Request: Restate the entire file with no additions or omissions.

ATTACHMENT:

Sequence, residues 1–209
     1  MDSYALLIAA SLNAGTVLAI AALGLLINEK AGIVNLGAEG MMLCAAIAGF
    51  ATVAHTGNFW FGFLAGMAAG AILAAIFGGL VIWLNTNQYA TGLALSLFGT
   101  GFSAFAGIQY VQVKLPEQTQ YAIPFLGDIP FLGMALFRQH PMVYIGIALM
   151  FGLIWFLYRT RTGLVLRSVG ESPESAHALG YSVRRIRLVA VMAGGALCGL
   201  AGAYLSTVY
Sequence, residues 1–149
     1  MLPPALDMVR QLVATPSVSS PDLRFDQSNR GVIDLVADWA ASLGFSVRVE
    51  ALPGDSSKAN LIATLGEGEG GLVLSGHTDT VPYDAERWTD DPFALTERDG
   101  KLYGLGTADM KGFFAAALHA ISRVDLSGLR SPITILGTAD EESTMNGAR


Sequence, residues 1–209
     1  MDSYALLIAA SLNAGTVLAI AALGLLINEK AGIVNLGAEG MMLCAAIAGF
    51  ATVAHTGNFW FGFLAGMAAG AILAAIFGGL VIWLNTNQYA TGLALSLFGT
   101  GFSAFAGIQY VQVKLPEQTQ YAIPFLGDIP FLGMALFRQH PMVYIGIALM
   151  FGLIWFLYRT RTGLVLRSVG ESPESAHALG YSVRRIRLVA VMAGGALCGL
   201  AGAYLSTVY
Sequence, residues 1–149
     1  MLPPALDMVR QLVATPSVSS PDLRFDQSNR GVIDLVADWA ASLGFSVRVE
    51  ALPGDSSKAN LIATLGEGEG GLVLSGHTDT VPYDAERWTD DPFALTERDG
   101  KLYGLGTADM KGFFAAALHA ISRVDLSGLR SPITILGTAD EESTMNGAR